The DCED grant funding, with which the zoning committee is getting its start, did not allow a budget line item for education and training. After a short discussion, it was agreed to move some of the amount designated for travel to education and training (leaving the budget total the same). A motion carried to approve.
A representative from Certified Laboratories was present to invite members to a seminar on April 2 at the Holiday Inn Arena Conference Center (in Binghamton). Information will be available on new EGR systems and DEP regulations.
Several representatives of a candidate running for Congress were present to tout their candidate and what he hopes to accomplish; they agreed to stay until the end of the meeting to answer any questions.
COG’s yearly line of credit with Peoples National Bank needed to be renewed; it is utilized to cover expenses during the slow period, before the annual reimbursement from the state is received. A motion carried to approve.
Permit work is slow, usual for this time of year. Requests for approval of subdivisions is also slow, possibly because landowners are not seeking them as often, as many are entering into gas leasing contracts. (Reporter’s note: many leasing companies require that a landowner have a minimum of ten acres of land.)
The Codes committee reported that all is going well. And, members were cautioned that only those who had activity during the previous month would receive a permit report in an effort to reduce the amount of paperwork generated; previously, all members received copies of all reports.
The meeting adjoined to an executive session to discuss a legal issue.
The next meeting will be on Tuesday, April 15, 7 p.m. in the COG offices in the New Milford Boro building.
The Susquehanna Community School District is gearing up for PSAA testing in April. Math and reading testing will be conducted April 1- 3 for grades 3, 8 and 11, with a proficiency of 54% in math and 63% in reading being the goal. With continually shortened schedules due to holidays and weather, the faculty is working very hard to get students back into the rhythm of things in preparation for the testing.
The Special Ed. department is starting up a Life Skills program, with about nine students expected at its start. Academics will be attended to in the morning, and afternoon sessions will be comprised of pre-vocational classes and functional living skills training, which will support independent living. Once the program is up and running, it will eliminate the need to send (some) students out of the district for this training and will not require additional staff, which will result in a savings to the district.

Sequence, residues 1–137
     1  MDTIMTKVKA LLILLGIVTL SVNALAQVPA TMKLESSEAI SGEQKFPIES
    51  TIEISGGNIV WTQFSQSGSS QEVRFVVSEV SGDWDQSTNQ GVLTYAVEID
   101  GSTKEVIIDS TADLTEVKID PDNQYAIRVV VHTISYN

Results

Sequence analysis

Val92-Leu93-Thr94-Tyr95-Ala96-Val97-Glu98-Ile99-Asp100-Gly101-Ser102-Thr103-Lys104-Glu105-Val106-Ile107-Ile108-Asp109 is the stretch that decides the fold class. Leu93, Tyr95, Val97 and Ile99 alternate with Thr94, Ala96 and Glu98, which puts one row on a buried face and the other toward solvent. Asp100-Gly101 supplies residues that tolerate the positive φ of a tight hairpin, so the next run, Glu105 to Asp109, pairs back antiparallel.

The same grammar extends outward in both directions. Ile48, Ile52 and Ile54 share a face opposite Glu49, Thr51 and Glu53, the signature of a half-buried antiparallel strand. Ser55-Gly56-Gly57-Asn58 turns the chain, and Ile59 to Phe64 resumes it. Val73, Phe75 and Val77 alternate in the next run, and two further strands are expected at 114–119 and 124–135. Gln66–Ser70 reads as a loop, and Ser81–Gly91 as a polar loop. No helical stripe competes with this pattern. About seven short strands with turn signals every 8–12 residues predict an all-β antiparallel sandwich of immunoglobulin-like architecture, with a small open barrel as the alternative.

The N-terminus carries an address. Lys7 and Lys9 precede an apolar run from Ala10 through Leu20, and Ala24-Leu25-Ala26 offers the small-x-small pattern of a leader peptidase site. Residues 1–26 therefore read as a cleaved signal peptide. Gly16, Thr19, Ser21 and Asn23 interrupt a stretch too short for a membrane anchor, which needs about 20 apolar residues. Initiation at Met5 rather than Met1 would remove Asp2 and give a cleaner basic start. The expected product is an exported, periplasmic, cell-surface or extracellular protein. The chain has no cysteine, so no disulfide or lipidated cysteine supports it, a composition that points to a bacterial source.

WVIA will be airing a program on the Classrooms for the Future on April 10, which is also when the district’s parent-teacher conferences will be held. TV sets in the buildings’ halls will be tuned to the program, which will include a panel discussion as well as a showcase presentation of the local districts.
A dinner honoring the district’s retirees has been set for May 17.
Other items approved by the board included the following.
- A renewal agreement with DeHey McAndrew (pension plan) LLC for the 2008-2009 school year at a cost of $2,625.
- Exoneration of the District Tax Collectors from the collection of unpaid school taxes for the year 2007.
- The 2008/2009 proposed NEIU #19 budget of $3,270,224 with a District Contribution of $9,240.76, a projected increase of $435.84.
- The school calendar for the 2008/2009 school year (subject to change if the state passes the Labor Day Bill; graduation date will remain unchanged, regardless).
- Joining the NEIU #19 VLINC (Virtual Linking Instruction and Curriculum) consortium for the 2008-2009 school year at a cost of $4,500.
- The following changes to the meal prices for the 2008-2009 school year: breakfast - $.10 increase; lunch - $.15 increase; extra main dish - $.10 increase.
- Two employees’ intent to retire at the end of the 2007/2008 school year, Kay Davis, elementary, and Mike Catalano, high school.
- A sabbatical for David Williams, for educational purposes.
- Additions to the substitute list.
- Two (track) volunteers.
- Hiring the following: Junior High Track Co-Coach; Junior High Baseball Co-Coach; Assistant Varsity Softball Coach; Junior High Softball Co-Coach.
The next meeting will be on Wednesday, April 16, 7 p.m. in the administration offices in the elementary building.